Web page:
All great drawing is drawing by memory.  That is why it takes so long to learn.  If drawing were transcription, a kind of script writing, it could be taught in a few years.  Even before a model, you draw from memory.  The model is a reminder. Not of a stereotype that you know by heart.  Not even of anything you can consciously remember.  The model is a reminder of experiences you can only formulate and therefore only remember by drawing.  And those experiences add up to the sum total of your awareness of the tangible, three-dimensional, structural world.  A blank page of a sketch-book is a blank, white page.  Make one mark on it, and the edges of the pages are no longer simply where the paper was cut, they have become the borders of a microcosm.  Make two marks on it of uneven pressure and the whiteness ceases to be whiteness and becomes opaque three-dimensional space that must be made less opaque and more and more lucid by every succeeding mark.  That microcosm is filled with the potentiality of every proportion you have ever perceived or sensed.  That space is filled with the potentiality of every form, sliding plane, hollow, point of contact, passage of separation you have ever set eye or hand on.  And it does not stop there.  For, after a few more marks, there is air, there is pressure and therefore there is bulk and weight.  And this scale is then filled with the potentiality of every degree of hardness, yieldingness, force of movement, activeness and passiveness that you have ever buried your head in or knocked it against.  And from all this you must select in a few minutes, as nature did through millennia, in order to create a human ankle, a human arm-pit with the pectoral muscle burying itself like an underground stream, or the bough of a tree.  From all this you must select the one lock and one key.  I think I would grant three lives not two.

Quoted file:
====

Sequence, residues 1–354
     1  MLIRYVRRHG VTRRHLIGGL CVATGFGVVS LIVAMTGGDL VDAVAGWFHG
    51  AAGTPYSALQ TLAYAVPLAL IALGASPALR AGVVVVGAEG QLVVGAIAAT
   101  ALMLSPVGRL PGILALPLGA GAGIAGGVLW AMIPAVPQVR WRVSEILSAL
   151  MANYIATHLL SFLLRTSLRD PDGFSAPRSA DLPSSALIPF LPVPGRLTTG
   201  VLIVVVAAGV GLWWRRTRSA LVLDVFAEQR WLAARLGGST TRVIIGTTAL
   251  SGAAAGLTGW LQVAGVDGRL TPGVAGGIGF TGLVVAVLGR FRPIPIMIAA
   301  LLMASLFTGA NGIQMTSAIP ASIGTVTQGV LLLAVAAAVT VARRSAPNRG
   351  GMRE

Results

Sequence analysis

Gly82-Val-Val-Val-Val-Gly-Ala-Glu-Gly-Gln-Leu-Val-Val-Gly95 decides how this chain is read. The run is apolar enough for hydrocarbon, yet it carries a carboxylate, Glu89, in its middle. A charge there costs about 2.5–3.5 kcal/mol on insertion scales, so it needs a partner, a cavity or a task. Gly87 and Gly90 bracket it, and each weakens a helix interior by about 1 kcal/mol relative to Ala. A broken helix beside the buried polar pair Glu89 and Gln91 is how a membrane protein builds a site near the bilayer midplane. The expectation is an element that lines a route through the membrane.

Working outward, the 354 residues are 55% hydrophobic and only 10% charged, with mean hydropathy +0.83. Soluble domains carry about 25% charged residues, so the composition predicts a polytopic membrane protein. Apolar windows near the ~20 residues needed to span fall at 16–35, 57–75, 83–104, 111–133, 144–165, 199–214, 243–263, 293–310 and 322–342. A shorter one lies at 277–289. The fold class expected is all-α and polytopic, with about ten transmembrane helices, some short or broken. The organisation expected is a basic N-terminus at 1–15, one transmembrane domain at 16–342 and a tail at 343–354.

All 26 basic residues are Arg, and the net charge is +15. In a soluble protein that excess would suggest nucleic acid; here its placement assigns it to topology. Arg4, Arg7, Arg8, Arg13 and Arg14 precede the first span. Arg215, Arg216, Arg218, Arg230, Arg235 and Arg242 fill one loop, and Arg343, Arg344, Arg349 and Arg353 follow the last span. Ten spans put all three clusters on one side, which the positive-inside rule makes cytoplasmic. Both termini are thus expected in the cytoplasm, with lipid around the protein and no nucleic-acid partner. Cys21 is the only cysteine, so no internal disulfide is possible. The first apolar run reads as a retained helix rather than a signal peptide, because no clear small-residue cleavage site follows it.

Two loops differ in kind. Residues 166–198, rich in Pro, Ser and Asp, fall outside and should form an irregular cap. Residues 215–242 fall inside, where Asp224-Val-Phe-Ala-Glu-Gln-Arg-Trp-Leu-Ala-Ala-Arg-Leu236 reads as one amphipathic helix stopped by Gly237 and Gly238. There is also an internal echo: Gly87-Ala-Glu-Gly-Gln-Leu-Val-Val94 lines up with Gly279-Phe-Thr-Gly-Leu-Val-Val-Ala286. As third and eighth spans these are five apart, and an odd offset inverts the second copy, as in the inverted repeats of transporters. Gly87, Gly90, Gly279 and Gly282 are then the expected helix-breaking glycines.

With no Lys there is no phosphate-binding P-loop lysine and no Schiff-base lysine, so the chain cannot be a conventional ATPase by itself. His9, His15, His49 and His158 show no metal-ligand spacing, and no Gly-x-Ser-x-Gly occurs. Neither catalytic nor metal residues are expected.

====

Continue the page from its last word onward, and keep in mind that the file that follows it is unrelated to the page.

Sunday, September 7, 2014

New Nuclei

Conceptualizing neurons and nuclei in an unconventional portrait.

Man as Sunflower, Sunflower as Nuclei, acrylic and ink on paper, 11" x 14"

detail, Man as Sunflower, Sunflower as Nuclei

detail, Man as Sunflower, Sunflower as Nuclei

detail, Man as Sunflower, Sunflower as Nuclei

"Unfortunately, nature seems unaware of our intellectual need for convenience and unity, and very often takes delight in complication and diversity."

- Santiago Ramón y Cajal

Monday, September 1, 2014

Sketchbook entries

A day spent in working in the sketchbook.  Below is a sampling of today's results.

Sketchbook drawing #4, graphite and ink on paper, 5" x 13"

Sketchbook drawing #5, graphite and ink on paper, 5" x 13"

Sketchbook drawing #3, graphite and ink on paper, 5" x 13"

"Like the enotmologist in search of colorful butterflies, my attention has chased in the gardens of the grey matter cells with delicate and elegant shapes, the mysterious butterflies of the soul, whose beating of wings may one day reveal to us the secrets of the mind." 

- Santiago Ramón y Cajal